NEW YORK—Following the mass shooting in Newtown, Conn., Mayor Michael Bloomberg has been an outspoken advocate of tougher gun laws. Realizing gun laws are not the only thing needed to keep New York City protected, the mayor is now focusing his attention at helping mental illness, especially those in the city’s court system.
During his weekly Sunday radio address, the mayor announced the creation of Court-Based Intervention and Resource Teams. These teams, to be set up in each borough, will use a state-of-the-art assessment tool to determine the defendant’s mental health care needs, risk of flight, and risk of re-offense, so that those needs can be taken into consideration by the judicial system.
“If more New Yorkers who need mental health care and community support can be helped to get their lives on track when they’ve run afoul of the law, we will all be better off,” Mayor Bloomberg said in a statement. “No one needs to be reminded any more of just how important it is to get this group of people the care they need.”
If more New Yorkers who need mental health care and community support can be helped to get their lives on track when they’ve run afoul of the law, we will all be better off.
—Mayor Michael Bloomberg
The idea behind the program is to help, rather than lock-up, mentally ill patients. Those defendants deemed to be mentally ill by the assessment, but do not pose a substantial risk of re-arrest or failure to appear, will be recommended for release to community-based supervision while their cases are pending in court.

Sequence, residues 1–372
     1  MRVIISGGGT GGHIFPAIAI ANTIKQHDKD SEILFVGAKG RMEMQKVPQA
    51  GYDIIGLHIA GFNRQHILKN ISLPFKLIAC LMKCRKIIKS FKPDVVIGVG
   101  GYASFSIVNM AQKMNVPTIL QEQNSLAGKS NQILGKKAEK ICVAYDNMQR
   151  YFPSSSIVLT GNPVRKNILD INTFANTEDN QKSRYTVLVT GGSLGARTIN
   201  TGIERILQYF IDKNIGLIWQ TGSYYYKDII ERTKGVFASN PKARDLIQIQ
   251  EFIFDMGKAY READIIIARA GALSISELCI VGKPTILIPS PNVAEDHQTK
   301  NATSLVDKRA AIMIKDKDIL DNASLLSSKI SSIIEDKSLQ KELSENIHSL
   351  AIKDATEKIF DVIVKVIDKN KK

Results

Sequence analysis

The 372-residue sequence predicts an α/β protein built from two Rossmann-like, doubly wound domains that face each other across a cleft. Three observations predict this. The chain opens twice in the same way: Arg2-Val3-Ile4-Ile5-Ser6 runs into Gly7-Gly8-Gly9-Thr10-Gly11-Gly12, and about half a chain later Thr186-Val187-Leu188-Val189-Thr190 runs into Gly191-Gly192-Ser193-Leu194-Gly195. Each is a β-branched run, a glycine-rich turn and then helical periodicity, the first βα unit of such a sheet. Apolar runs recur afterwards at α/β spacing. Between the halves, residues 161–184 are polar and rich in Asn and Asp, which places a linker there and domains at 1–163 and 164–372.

If a mentally ill defendant does not pose a substantial risk of being re-arrested, but poses a high risk of not appearing in court, the defendant will be recommended for alternatives to jail where mental health care can be provided.
“With the creation of these teams, court officials in New York City will receive the information they need to make better decisions about custody and assignment to community-based programs,” said Chief Policy Advisor John Feinblatt in a statement. “New York City is poised to set a new standard for providing resources to support those with mental health issues in large metropolitan areas.”
According to NYC data, an average of 36 percent of inmates have some level of mental illness, an increase from 25 percent in 2005. For young adults, the number is even higher, with 42 percent being diagnosed.
Those with mental illness typically stay an average of 112 days, compared to only 60 days for those without mental illness.
While the details of the assessment tools have not yet been unveiled, the program is expected to begin at the start of the year and serve 3,000 clients annually.
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